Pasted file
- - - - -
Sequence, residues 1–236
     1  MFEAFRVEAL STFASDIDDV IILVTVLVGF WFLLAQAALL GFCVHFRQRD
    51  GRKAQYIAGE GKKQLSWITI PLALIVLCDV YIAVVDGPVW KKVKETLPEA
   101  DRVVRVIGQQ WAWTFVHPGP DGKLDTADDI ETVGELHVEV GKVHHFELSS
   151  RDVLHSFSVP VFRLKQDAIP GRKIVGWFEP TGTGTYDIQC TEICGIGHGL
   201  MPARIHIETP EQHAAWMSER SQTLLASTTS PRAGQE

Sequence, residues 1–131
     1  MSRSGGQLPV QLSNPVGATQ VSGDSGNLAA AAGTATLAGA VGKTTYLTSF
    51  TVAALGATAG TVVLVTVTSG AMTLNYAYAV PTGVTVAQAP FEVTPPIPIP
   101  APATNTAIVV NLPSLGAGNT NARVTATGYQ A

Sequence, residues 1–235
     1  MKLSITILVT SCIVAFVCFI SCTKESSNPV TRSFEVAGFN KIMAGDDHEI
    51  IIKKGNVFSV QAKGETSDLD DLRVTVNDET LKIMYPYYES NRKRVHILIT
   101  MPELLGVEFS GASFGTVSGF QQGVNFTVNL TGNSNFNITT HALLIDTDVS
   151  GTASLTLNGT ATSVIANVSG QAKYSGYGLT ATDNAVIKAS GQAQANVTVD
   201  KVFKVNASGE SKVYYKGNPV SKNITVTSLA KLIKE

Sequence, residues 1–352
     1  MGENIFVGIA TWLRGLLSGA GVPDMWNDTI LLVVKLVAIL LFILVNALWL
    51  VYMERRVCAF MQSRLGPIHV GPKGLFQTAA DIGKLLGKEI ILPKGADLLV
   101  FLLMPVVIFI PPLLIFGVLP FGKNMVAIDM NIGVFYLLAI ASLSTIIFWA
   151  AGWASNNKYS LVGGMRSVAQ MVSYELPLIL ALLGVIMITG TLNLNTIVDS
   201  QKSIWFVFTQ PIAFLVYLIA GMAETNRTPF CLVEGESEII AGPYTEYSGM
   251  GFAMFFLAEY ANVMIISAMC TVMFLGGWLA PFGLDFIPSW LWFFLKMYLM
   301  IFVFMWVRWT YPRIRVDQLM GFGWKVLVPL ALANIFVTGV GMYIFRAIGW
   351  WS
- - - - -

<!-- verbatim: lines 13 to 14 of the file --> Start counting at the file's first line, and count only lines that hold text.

    51  IIKKGNVFSV QAKGETSDLD DLRVTVNDET LKIMYPYYES NRKRVHILIT
   101  MPELLGVEFS GASFGTVSGF QQGVNFTVNL TGNSNFNITT HALLIDTDVS